Fighting Climate Change with Trees in Africa
Wanjira Mathai, daughter of Nobel laureate Wangari Maathai, is the co-chair of the Global Restoration Council and chairperson of the Green Belt Movement.
A version of this article also appeared on GlobalPost
When world leaders gathered in Paris to open negotiations for a pivotal international climate agreement, I was happy to see so many heads of state reaffirm the central role of trees and forest landscape restoration in fighting and adapting to climate change.
As an African woman and the daughter of Nobel laureate Wangari Maathai, founder of the Green Belt Movement, the restoration agenda is very close to me. The movement my mother established has been mobilizing communities for close to 40 years to restore their landscapes by planting trees for food, for fuel and to bring barren land back to productive life. Restoration is also Africa’s best chance to protect itself from climate change. Even though the continent as a whole has contributed minimally to the global climate change problem, Africans will be among those most affected.
By mid-century, Africa’s population is expected to nearly double — from 1.1 billion to 2 billion — pushing the demand for already scarce resources of soil and water. Nearly three-quarters of all drylands in Africa — 1 billion hectares (3.86 million square miles) — are affected by desertification, while a quarter of African agricultural land is seriously damaged, costing an average of 3 percent of GDP each year due to the loss of soil and nutrients on farmland.
In sub-Saharan Africa, nearly half the population, 47 percent, earns less than $1.25 a day.
Restoration holds the potential to shield us from those dangers while also providing a wide range of benefits: trees as a source of energy; trees as a source of nutritious food; trees to bind the soil so that agriculture thrives; trees that make our landscapes beautiful. And especially in the developing world, restoring landscapes and planting trees is something we can do right away — we have boots on the ground! By investing in this amazing opportunity, we can tackle a suite of problems with one useful tool.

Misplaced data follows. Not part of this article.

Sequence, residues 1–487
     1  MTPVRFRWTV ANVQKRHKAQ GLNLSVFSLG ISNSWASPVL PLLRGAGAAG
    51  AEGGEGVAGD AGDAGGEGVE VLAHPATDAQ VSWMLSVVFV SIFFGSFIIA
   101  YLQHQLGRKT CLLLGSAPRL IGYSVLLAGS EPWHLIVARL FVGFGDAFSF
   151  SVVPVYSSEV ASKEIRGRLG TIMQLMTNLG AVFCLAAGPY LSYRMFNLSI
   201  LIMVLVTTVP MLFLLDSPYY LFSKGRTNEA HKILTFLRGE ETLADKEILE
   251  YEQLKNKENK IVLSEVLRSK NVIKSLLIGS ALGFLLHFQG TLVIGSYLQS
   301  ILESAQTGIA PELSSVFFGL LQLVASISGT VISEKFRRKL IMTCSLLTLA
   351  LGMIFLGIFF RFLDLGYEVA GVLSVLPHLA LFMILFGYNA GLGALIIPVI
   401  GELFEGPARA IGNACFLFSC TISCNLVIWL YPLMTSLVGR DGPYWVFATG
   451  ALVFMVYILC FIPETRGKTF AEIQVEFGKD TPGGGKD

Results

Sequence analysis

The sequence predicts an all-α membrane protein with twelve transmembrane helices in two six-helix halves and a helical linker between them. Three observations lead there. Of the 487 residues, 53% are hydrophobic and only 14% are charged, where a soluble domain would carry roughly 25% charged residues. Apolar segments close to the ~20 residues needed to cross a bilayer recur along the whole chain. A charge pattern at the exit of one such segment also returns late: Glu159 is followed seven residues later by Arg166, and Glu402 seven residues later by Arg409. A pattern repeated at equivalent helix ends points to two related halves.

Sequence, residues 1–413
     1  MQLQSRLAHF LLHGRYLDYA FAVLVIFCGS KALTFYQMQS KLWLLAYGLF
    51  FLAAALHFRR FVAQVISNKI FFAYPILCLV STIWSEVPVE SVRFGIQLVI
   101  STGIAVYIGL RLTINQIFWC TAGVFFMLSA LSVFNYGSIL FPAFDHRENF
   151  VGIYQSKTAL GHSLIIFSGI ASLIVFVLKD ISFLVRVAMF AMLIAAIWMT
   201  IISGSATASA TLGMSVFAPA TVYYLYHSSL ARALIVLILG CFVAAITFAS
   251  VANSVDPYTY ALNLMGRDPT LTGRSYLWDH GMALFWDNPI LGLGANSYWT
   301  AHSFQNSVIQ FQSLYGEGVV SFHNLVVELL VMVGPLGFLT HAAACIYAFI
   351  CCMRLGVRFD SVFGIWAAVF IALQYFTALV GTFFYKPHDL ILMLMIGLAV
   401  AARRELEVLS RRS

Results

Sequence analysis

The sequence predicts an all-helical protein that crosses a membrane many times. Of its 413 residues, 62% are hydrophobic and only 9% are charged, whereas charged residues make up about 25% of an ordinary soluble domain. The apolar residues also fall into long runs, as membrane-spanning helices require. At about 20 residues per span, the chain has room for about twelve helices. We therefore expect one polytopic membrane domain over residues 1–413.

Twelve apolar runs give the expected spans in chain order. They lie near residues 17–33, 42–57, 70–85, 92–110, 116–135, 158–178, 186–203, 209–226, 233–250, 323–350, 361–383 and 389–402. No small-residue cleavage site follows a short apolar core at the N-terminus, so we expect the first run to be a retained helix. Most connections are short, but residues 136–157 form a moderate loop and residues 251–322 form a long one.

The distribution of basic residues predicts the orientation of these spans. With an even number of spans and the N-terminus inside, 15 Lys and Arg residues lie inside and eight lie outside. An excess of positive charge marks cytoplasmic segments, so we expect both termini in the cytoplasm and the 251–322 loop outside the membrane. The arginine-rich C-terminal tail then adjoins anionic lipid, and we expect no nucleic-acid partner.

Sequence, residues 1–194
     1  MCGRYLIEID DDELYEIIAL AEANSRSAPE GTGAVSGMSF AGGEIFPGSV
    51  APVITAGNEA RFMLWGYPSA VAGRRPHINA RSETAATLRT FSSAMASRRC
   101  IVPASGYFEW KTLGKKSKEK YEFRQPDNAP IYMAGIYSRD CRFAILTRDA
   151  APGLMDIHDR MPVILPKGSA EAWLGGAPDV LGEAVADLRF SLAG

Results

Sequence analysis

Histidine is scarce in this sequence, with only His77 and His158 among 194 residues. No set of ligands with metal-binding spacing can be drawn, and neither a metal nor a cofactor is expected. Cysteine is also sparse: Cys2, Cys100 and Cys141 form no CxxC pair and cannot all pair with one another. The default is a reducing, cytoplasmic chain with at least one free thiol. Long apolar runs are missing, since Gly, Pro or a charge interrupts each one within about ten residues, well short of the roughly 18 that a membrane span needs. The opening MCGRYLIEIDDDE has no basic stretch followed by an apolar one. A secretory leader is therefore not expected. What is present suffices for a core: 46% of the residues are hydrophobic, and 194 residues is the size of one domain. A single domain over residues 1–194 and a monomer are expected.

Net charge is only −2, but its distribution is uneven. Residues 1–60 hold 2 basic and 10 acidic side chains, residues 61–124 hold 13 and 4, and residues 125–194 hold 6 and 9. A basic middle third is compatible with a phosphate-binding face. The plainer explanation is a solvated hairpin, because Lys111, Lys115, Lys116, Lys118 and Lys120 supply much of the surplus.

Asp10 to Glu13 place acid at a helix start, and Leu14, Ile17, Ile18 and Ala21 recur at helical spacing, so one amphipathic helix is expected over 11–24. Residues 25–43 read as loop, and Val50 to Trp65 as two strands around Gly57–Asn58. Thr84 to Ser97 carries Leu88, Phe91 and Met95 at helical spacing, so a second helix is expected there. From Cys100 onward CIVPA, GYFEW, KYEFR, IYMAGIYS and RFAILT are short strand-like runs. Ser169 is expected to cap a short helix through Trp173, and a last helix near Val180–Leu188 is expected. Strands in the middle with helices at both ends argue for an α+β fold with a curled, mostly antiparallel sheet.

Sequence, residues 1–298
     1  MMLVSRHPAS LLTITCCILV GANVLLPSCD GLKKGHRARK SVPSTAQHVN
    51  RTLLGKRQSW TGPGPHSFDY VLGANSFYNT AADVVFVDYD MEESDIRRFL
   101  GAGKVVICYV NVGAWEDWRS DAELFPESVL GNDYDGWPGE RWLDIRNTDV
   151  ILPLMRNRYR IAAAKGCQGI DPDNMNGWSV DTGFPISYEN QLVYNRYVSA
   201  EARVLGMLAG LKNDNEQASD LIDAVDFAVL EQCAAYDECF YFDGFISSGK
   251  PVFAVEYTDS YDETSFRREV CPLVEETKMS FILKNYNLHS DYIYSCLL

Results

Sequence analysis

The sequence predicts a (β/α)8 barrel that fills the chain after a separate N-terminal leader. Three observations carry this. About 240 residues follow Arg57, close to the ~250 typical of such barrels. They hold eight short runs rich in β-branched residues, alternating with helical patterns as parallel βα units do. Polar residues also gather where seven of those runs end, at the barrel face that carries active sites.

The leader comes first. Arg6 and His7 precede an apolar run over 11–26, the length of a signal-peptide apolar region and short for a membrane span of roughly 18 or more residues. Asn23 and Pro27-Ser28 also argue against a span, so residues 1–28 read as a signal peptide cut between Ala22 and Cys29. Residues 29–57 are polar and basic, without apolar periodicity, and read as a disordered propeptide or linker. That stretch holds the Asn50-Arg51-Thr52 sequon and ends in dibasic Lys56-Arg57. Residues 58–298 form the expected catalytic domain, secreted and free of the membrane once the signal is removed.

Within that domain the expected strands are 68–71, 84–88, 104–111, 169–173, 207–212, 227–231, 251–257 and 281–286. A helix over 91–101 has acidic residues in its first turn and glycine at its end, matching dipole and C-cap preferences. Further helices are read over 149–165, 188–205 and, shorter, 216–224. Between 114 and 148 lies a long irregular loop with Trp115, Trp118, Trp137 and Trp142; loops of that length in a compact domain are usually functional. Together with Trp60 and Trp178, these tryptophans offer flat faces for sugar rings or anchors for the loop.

A new movement called AFR100 is poised to take advantage of this opportune moment. This new pan-African, country-led effort aims to restore 100 million hectares (386,000 square miles) of degraded and deforested landscapes in Africa by 2030. It’s an ambitious goal, but within reach — at the initiative’s launch in Paris during COP21, African countries have already committed to restore more than 30 million hectares (116,000 square miles), an area larger than the nation of Gabon or the United Kingdom. And AFR100 partners are earmarking more than $1 billion in development finance and $600 million in private sector investment to support restoration activities.
The Power of Landscape Restoration
AFR100 builds on global commitments for landscape restoration, specifically the Bonn Challenge and the New York Declaration on Forests. It is also inspired by initiatives such as Initiative20x20, which focuses on landscape restoration in Latin America and the Caribbean. We are proud to contribute so substantially to this global movement, as restoration is both in our own self-interest and it benefits the whole world.
I get energized by the landscape restoration movement in its power to address so many issues simultaneously — health, environment, energy security and empowerment of women — in way few other interventions can. Restoration can be especially powerful when paired with other solutions like clean cook stoves and lighting, which I also advocate as director of the Women’s Entrepreneurship in Renewables (wPower) Hub at the Wangari Maathai Institute, where we spotlight and support the important role women play in their communities.
The challenges are great, but so are the opportunities. More than 700 million hectares of land are ripe for restoration in Africa, according to analysis by World Resources Institute and International Union for Conservation of Nature (IUCN). These lands are diverse, offering the potential to both restore natural forests and wooded landscapes and also increase the density of trees in highly-populated landscapes to help farmers and protect watersheds.
At the opening ceremonies at COP21, many African leaders called for more climate action from the developed world, and that is appropriate. There are a handful of countries we know are responsible for the majority of greenhouse gas emissions, and this is going to cause catastrophic suffering in Africa. We must then call upon the developed countries to play their part in reducing greenhouse gas emissions and finance mitigation and adaptation activities like restoration in other parts of the world.
We didn’t choose this challenge. But we also can’t afford to wait for others to take action. We have a huge responsibility to mitigate and adapt for our own sake and the sake of our children, because a world of extreme climate change is grim for us all. We have to be diligent in our advocacy for climate justice, but at the same time, we cannot be asleep. We have to put the measures in place in our own countries that will protect our people from the climate crisis. Planting or nurturing a tree seedling in African soil is a good place to start.